False hellebore leaves are pleated in appearance, grow from a stalk, occur in floodplains, marshes and swamps — and do not smell like onion. If you might have eaten false hellebore, call Northern New England Poison Center right away at 1-800-222-1222. You can also chat online at nnepc.org, or text “poison” to 85511. If someone has passed out or is having trouble breathing, dial 911.
MONTPELIER — The Vermont Department of Labor announced the work search requirement for unemployment claims will be reinstated beginning Sunday, May 9, for all claimants in regular UI and specific claimants in the Pandemic Unemployment Assistance (PUA) program. Visit bit.ly/DoLWorkSearch for more information.
BURLINGTON — The deadline for 2021 Vermont Dairy Farm of the Year nominations has been extended to May 10. Visit http://go.uvm.edu/vdfya for a link to the nomination form and details.
VGS partners with VLT
SOUTH BURLINGTON — Vermont Gas Systems (VGS) announced it has partnered with Vermont Land Trust (VLT) as part of its Forest Carbon Cooperative. By purchasing locally generated carbon credits through VLT, VGS will entirely offset emissions from its company vehicle and fuel usage for all of 2021 with a plan to expand the partnership in future years.
MONTPELIER — Hunting safely during Vermont’s May 1-31 turkey season is easy if you follow these tips:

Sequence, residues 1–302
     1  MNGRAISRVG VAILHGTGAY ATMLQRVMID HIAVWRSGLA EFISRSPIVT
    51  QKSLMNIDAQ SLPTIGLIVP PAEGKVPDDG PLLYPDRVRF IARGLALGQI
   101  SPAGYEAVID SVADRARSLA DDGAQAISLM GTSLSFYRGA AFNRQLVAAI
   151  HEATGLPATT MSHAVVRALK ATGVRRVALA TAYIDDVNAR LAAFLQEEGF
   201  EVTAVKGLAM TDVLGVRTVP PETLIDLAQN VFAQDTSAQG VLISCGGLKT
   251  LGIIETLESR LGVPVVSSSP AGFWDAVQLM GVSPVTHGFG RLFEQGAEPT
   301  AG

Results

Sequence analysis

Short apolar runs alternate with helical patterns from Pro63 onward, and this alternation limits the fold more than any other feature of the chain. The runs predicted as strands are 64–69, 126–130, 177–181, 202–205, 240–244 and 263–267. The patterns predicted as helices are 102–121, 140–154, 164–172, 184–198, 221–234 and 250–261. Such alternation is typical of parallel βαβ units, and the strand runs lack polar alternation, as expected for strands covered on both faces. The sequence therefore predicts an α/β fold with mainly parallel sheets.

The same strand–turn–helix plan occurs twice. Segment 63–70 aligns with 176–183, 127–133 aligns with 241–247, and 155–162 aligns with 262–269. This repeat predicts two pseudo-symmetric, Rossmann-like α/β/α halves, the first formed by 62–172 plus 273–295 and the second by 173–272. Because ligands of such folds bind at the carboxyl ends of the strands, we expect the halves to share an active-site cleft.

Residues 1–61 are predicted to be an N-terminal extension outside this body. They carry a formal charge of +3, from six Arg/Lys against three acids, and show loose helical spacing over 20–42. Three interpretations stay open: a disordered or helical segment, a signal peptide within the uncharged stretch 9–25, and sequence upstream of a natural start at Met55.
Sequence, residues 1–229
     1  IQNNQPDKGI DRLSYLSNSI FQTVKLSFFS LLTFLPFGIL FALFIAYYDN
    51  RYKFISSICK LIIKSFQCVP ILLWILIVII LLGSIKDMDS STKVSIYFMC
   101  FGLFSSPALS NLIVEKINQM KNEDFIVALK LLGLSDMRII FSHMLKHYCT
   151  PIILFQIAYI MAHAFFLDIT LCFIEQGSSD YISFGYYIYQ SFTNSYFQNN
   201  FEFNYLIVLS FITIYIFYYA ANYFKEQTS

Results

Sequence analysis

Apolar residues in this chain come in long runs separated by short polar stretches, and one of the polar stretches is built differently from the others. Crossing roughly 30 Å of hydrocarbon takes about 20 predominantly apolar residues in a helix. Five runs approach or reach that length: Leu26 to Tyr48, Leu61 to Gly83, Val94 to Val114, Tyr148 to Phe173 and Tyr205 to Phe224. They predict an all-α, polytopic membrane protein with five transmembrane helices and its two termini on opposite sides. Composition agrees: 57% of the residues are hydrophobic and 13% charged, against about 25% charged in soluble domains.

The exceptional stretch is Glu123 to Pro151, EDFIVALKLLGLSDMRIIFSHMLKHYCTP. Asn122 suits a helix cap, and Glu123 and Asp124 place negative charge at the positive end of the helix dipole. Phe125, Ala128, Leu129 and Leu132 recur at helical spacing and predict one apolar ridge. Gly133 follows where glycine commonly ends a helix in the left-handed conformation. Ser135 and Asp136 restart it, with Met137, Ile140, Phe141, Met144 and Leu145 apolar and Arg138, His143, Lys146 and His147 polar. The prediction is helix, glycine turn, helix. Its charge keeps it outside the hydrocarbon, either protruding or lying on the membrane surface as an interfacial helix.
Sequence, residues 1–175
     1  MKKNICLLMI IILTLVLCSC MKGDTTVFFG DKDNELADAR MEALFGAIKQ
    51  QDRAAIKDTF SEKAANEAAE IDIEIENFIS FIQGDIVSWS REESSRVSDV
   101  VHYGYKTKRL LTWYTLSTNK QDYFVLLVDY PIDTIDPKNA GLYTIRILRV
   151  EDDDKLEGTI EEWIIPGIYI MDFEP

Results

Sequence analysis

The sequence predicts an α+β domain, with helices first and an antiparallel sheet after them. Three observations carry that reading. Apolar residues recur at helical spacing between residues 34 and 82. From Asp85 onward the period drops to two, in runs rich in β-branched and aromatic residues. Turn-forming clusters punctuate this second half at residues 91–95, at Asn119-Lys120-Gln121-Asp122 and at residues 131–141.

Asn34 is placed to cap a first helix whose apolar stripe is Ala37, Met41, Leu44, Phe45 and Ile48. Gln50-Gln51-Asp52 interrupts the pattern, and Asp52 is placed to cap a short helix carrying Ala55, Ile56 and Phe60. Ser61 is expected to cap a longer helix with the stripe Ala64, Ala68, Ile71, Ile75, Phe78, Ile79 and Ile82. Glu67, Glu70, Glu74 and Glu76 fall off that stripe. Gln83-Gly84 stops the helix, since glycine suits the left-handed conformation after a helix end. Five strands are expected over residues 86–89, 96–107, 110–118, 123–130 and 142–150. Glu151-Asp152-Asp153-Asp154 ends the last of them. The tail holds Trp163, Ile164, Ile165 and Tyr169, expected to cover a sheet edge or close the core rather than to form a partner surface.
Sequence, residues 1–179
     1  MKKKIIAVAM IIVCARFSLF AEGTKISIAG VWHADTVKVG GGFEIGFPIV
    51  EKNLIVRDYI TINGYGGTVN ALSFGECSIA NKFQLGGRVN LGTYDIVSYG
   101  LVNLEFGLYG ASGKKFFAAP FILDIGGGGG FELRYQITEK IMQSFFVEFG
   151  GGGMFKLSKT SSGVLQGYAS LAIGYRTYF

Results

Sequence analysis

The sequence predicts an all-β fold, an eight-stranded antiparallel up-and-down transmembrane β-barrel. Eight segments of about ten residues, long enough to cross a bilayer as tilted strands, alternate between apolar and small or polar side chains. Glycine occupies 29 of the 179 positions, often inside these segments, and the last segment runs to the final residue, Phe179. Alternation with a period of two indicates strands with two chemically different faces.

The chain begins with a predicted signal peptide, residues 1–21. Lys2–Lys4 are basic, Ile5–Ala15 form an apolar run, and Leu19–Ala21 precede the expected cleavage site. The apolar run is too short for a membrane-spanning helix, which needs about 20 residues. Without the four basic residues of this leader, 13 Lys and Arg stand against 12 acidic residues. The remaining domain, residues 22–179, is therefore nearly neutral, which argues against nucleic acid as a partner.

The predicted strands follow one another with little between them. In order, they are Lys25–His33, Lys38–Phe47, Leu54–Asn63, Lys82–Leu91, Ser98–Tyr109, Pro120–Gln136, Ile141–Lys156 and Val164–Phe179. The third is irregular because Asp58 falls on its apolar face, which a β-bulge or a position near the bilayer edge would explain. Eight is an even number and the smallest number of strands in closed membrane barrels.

— Never shoot unless you are absolutely sure of your target and what is beyond it. Look for a beard as only turkeys with beards are legal during the spring season.
— Never stalk a gobbling turkey. Your chances of getting close are poor, and you may be sneaking up on another hunter.
— Avoid red, white, blue or black in clothing and equipment. A tom turkey’s head has similar colors.
— Stick with hen calls. A gobbler call might draw in other hunters.
— Avoid unnecessary movement. This alerts turkeys and attracts hunters.
— Don’t hide so well that you impair your field of vision.
— Wrap your turkey in blaze orange for the hike back to your vehicle.
— Always sit with your back against a tree trunk, big log or a boulder that is wider than your body. This protects you from being accidentally struck by pellets fired from behind you.
— Place decoys on the far side of a tree trunk or a rock. This prevents you from being directly in the line of fire should another hunter mistakenly shoot at your decoy.
— Wear hunter orange while moving from set-up to set-up. Take it off when you are in position.
— If you see another hunter, call out to them, but don’t move until they respond. You may ruin the hunt, but you may have avoided injury.
— Make sure you know your effective range when shooting. For the most clean and ethical shot, make sure your shotgun is patterned and you are shooting within your effective range.
Vermont Outdoors app
MONTPELIER — Last fall, the Fish and Wildlife Department developed a new mobile application to help people recreate outdoors in a safe and socially distanced manner. The app, Vermont Outdoors, connects the public with department lands, fish and wildlife regulations, as well as up-to-date COVID-19 guidance. For more information, call 917-1347.